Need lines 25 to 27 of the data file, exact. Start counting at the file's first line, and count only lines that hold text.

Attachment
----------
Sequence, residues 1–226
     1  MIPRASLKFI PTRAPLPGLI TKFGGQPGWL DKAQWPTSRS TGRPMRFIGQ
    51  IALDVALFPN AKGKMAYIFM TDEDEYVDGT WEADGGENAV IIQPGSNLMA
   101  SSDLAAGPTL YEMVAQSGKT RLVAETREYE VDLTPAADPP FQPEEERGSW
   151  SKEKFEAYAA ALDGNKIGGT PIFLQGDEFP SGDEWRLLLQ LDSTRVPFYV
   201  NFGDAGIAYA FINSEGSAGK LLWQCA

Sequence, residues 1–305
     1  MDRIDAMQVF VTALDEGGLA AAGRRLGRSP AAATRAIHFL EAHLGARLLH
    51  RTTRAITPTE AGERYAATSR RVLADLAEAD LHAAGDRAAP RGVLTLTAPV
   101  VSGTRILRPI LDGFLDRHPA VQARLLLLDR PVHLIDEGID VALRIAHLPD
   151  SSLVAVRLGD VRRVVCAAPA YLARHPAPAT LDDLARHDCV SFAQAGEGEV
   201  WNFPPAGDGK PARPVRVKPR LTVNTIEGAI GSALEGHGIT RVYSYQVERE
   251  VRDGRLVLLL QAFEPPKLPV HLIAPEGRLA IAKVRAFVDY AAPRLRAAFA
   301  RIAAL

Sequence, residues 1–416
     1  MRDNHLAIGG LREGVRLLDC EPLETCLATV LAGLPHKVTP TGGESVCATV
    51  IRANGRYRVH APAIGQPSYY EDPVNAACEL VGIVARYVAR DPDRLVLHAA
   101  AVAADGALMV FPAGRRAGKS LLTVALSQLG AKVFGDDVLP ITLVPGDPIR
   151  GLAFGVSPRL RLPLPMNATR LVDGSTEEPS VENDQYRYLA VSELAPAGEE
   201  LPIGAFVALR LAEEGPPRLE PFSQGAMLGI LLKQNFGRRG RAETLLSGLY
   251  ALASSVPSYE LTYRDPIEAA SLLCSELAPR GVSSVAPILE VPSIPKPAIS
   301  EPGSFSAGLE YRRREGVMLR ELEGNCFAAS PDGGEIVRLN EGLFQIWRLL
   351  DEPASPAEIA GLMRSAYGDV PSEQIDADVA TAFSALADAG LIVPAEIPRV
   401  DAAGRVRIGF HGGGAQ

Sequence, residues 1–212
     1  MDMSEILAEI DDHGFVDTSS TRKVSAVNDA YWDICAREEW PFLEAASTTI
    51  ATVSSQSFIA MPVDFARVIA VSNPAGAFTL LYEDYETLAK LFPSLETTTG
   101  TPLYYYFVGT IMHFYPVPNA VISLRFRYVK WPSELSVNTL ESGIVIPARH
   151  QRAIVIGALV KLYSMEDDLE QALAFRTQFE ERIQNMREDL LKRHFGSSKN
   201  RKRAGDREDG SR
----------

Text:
Sequence, residues 1–212
     1  MDMSEILAEI DDHGFVDTSS TRKVSAVNDA YWDICAREEW PFLEAASTTI
    51  ATVSSQSFIA MPVDFARVIA VSNPAGAFTL LYEDYETLAK LFPSLETTTG